Spain is one more time suffering from its endemic disease that was thought by many to be a history of the past. Unemployment in Spain is increasing at a rate of 3,179 new unemployed per day, which is a faster rate than that of the last economic crisis in 1993. The unemployed have now reached 2.6 million, the largest figure in the last 11 years. According to The Economist Spain’s unemployment rate is now the worst in the Euro-zone at 11.3%, just above Belgium’s 11.2% and well the Euro-zone’s average of 7.5%.
Unemployment in Spain reached its historical peak in 1993 surpassing the 20% mark. I talked to Jaime Garcia-Legaz about unemployment last June. Garcia-Legaz is Secretary General at FAES, the leading conservative think-tank in Spain. Garcia-Legaz anticipated the increase of unemployment by one million a year at a time when many could not foresee the depth of the crisis. The Spanish economy continues to underperform its European peers in many areas including the inability to increase productivity, the lack of flexibility in the labour market, a skilled labour with a severe lack of language skills, and a lack of mobility across regions.
In an environment of increasing unemployment Spanish Premier Jose Luis Rodriguez Zapatero and Opposition Leader Mariano Rajoy agreed to meet earlier this week in La Moncloa to find common ground in the proposition of economic reform. The presumed understanding only lasted one day. The recently approved Fiscal Budget for 2009 has again divided Socialists and Populars. In the meantime the Bank of Spain warned against a deepening of the crisis. Unemployment rates in Spain were almost always in the double figure range. Only during the first term of Jose Luis Rodriguez Zapatero between 2004 and 2008 did unemployment rates reach levels under 10%.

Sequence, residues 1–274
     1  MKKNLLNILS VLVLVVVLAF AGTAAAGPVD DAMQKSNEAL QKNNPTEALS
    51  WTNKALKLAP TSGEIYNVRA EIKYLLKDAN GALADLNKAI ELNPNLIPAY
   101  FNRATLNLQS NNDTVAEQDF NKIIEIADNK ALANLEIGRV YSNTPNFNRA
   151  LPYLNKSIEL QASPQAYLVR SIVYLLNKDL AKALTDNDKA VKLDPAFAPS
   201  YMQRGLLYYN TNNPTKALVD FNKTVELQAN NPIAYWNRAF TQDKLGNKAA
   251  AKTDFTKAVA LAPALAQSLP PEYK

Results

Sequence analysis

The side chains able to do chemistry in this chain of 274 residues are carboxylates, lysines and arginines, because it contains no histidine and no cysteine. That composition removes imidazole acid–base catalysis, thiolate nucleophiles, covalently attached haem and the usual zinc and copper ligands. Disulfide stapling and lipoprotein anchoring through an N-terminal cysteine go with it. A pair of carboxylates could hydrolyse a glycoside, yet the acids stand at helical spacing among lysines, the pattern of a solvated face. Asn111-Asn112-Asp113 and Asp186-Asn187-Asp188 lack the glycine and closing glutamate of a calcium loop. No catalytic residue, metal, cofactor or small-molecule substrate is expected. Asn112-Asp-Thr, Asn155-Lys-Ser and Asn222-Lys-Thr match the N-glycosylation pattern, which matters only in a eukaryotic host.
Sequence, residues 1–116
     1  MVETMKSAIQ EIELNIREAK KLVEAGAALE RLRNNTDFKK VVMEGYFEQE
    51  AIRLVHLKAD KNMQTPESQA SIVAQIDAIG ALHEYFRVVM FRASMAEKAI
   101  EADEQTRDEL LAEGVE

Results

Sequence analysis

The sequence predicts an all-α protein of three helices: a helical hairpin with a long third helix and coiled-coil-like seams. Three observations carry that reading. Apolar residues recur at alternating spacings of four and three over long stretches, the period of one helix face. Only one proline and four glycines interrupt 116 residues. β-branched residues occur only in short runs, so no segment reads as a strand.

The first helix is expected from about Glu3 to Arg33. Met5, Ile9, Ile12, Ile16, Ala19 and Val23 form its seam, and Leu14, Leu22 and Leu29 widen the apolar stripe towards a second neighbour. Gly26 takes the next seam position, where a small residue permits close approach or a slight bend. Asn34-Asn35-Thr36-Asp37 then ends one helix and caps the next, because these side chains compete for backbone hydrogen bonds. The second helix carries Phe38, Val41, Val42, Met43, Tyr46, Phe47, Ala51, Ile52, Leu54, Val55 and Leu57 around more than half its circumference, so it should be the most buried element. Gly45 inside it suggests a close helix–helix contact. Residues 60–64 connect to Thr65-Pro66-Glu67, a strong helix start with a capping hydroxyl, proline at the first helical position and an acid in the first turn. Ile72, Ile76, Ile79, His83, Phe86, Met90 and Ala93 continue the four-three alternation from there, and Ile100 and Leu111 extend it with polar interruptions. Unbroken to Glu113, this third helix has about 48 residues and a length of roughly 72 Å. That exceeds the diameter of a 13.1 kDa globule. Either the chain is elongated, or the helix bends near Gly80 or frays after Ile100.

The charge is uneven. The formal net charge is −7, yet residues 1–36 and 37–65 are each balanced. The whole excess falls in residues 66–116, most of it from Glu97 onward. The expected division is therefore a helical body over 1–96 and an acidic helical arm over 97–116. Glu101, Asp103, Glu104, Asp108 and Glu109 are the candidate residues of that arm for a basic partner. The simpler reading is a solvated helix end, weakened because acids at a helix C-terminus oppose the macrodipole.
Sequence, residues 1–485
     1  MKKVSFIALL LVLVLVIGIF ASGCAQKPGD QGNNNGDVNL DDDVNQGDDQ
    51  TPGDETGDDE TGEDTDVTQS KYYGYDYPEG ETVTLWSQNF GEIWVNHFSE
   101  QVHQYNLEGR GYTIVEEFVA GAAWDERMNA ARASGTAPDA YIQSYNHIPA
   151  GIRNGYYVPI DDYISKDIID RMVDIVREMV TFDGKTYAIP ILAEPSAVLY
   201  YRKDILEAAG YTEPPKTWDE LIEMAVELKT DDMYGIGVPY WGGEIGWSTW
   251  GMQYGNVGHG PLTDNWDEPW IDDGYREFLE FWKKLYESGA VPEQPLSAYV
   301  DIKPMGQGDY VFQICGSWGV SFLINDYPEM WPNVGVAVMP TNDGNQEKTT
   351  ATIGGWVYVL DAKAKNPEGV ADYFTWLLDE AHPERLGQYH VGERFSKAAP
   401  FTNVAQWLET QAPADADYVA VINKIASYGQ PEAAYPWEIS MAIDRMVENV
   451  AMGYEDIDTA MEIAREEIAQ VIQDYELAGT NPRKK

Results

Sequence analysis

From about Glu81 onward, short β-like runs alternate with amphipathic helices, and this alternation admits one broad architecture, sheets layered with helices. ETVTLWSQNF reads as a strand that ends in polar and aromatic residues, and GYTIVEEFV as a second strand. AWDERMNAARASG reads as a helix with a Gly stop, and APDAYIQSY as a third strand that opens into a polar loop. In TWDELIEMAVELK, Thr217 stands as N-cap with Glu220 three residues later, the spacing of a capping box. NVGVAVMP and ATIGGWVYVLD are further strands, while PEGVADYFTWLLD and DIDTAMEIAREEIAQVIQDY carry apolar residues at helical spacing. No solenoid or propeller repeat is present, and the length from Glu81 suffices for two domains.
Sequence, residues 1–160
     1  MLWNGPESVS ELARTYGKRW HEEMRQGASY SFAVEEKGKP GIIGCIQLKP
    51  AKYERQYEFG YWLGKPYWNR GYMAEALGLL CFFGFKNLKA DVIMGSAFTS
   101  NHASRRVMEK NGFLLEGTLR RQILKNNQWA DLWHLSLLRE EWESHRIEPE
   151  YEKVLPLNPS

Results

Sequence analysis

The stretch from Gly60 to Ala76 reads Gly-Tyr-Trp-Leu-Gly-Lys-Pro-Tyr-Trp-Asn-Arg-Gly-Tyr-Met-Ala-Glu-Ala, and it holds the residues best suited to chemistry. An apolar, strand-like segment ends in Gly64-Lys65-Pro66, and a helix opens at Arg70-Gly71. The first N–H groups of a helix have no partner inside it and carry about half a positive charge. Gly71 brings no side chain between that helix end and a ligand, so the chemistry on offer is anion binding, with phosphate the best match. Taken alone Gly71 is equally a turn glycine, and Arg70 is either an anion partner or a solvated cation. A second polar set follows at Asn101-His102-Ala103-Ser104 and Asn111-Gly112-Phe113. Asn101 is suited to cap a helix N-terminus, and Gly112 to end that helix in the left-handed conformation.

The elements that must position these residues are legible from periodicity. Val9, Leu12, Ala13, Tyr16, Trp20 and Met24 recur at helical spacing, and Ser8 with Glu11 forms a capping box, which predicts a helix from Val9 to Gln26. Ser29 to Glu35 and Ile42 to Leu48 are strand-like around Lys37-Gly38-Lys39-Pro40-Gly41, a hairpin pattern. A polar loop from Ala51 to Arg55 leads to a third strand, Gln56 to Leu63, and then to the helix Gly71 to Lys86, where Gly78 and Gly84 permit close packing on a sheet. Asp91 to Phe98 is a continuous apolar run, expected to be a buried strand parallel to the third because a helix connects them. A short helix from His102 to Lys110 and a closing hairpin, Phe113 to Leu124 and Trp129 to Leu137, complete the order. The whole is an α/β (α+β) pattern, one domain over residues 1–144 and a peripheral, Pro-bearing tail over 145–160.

Why does unemployment remain in Spain? Why is the country consistently unable to approach single digit rates that are a commonality in other big European economies? Last week Zapatero was in New York and preached on Spain’s ability to surpass France in per capita income. France’s unemployment stands at 8%. Spain will not be able to continue converging in per-capita-income terms with the larger economies in the Euro-zone if the country does not solve once and for all the cyclicalities of its unemployment, that suffers more variability and larger swings than that of any other developed nation.
Since 1979 Spain’s Centro de Investigaciones Sociologicas (CIS) has published Opinion Barometers with the issues that most concern Spaniards. A relatively independent instituiton, CIS’s Opinion Barometers are considered credible and politically unbiased and have throughout the recent democratic stage pointed out the concerns that are at the forefront of Spaniards’ agendas. In the last monthly Barometer published, last July, Spaniards were asked what were the main problem facing Spain. The economic crisis topped the ranking with a 33.9% of the popular vote, immediately followed by the unemployment at 29.0%, immigration at 8.4% and the housing market at 5.9%.
Originally published at 5spaniards.com on Oct 4, 2008 and reproduced here with the author’s permission.